What everyone should realize about the big data trend

While there will likely be strong demand for the very best mathematicians, data modelers, and statisticians far beyond the horizon, the super majority of organizations today are at some point in the journey of developing mid to long-term strategic plans for optimizing advanced analytics, including investments not just for small projects, but the entire organization. This is not occurring in a vacuum, but rather in conjunction with consultants, vendors, labs and emerging companies like ours that intentionally provide a platform that automates many of the redundant processes, enable plug and play, and make advanced analytics available to the workforce in a simple to use, substantially automated manner. While it took many years of R&D for all of the pieces to come together, the day has come when physics allows such systems to be deployed and so this trend is inevitable and indeed underway.

The current and future environment is not like the past when achieving a PhD in one decade will necessarily provide job demand in the next, unless like everyone else in society one can continue to grow, evolve and find ways to add value in a hyper competitive world. The challenges we face (collectively) in the future are great and so we cannot afford apathy or wide-spread cultures that are protecting the (unsustainable) past, but rather only those attempting to optimize the future.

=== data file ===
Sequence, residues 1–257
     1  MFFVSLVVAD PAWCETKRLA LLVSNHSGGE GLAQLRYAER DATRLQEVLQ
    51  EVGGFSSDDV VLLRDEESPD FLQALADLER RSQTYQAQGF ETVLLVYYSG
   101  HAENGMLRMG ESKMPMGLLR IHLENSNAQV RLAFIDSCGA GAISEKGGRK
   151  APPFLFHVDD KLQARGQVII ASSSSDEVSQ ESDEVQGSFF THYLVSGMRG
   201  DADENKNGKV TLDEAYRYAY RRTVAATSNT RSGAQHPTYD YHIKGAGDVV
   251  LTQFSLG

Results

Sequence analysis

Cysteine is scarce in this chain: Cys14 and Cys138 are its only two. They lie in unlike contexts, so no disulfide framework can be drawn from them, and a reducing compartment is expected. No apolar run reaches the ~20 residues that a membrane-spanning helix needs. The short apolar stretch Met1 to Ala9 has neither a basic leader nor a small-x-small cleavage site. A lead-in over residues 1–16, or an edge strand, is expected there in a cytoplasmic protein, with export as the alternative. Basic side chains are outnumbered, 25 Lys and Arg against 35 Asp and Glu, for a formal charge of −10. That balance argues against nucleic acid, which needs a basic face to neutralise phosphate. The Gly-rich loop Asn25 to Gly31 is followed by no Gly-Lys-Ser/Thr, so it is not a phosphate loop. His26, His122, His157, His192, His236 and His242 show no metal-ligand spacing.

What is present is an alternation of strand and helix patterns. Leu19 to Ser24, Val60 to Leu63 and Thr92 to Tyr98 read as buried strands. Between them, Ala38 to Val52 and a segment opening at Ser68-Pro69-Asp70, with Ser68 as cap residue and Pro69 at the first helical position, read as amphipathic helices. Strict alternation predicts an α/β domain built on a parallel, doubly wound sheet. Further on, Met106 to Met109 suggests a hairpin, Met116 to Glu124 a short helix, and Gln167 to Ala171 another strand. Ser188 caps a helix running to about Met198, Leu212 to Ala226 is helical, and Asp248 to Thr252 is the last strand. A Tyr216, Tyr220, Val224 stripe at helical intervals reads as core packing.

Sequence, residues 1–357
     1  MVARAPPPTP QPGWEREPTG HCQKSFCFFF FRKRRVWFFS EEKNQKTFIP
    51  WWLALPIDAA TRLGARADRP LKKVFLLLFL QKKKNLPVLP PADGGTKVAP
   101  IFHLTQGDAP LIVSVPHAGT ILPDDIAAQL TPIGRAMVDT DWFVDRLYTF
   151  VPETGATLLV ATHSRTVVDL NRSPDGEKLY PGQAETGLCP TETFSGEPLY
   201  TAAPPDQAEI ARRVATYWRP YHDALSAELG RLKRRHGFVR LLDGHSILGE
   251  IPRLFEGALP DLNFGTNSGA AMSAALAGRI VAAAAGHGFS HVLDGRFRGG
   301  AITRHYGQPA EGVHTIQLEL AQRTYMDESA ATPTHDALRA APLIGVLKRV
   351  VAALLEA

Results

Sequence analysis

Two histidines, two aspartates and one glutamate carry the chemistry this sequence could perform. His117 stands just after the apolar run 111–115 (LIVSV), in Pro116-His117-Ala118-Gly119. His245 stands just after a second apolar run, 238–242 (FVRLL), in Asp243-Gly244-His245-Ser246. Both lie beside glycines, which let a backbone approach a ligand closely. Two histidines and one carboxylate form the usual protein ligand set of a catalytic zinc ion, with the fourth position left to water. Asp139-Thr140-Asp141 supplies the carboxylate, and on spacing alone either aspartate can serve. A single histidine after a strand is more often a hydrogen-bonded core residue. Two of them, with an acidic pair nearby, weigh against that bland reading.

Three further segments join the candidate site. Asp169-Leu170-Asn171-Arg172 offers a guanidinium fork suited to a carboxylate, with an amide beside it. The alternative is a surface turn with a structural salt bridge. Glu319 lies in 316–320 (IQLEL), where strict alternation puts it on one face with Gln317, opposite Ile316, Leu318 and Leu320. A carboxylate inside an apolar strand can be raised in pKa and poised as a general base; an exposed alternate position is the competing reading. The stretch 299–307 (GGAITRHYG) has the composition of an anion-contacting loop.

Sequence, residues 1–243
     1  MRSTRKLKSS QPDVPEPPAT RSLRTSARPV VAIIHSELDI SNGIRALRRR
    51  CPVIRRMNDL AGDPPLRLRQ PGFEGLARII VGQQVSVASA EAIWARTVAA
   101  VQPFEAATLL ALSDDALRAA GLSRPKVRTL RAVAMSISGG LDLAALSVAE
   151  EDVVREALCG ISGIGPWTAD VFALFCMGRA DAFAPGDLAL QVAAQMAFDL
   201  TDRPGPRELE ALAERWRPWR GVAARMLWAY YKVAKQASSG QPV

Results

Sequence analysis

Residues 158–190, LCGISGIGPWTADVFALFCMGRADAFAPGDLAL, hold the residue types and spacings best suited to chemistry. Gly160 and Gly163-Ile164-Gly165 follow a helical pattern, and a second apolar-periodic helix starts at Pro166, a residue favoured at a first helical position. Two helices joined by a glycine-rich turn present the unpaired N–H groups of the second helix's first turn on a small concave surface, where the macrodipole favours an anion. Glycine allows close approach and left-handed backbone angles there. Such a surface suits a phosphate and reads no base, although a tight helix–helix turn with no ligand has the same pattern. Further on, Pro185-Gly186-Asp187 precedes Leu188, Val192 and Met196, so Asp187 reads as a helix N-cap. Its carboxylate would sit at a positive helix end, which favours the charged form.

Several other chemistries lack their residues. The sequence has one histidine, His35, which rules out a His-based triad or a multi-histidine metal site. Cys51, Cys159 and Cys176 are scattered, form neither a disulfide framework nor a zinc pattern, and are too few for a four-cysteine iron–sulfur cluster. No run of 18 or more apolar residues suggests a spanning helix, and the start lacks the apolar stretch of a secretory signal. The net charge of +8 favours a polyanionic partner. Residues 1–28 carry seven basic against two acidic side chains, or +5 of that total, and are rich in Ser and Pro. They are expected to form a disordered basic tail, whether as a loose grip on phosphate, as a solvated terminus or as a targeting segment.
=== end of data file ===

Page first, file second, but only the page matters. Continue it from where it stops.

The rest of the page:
In our system design, we embrace the independent app, data scientist, and algorithm, and recommend to customers that they do so as well—there is no substitute for individual creativity—and we simply must have systems that reflect this reality, but it needs to occur in a rationally planned manner that attacks the biggest problems facing organizations, and more broadly across society and the global economy.

The majority seem frankly misguided on the direction we are headed: the combination of data physics, hardware, organizational dynamics and economics requires us to automate much of this process in order to prevent the most dangerous systemic crises and to optimize discovery. It’s the right thing to do. I highly recommend to everyone in related fields to plan accordingly as these types of changes are occurring in half the time as a generation ago and the pace of change is still accelerating. At the end of the day, the job of analytics is to unleash the potential of customers and clients so that they can then create a sustainable economy and ecology. 

White board video presentation on Kyield Enterprise

Kyield founder Mark Montgomery provides a 14 minute white board presentation on Kyield Enterprise and the Kyield Enterprise Pilot

Preparing for the big data storm in mHealth

Imagine the gasp from the family physician when he is confronted with the first text message from a patient asking whether they are dying due to the asynchronistic patterns displayed by their new mobile app, which is being downloaded by the millions daily.  Or consider the cardiologist who suddenly has the opportunity to observe a continuous mobile data stream 24/7/365 sourced from multiple sensors on 95% of her patients, creating more data in a day than the previous decade.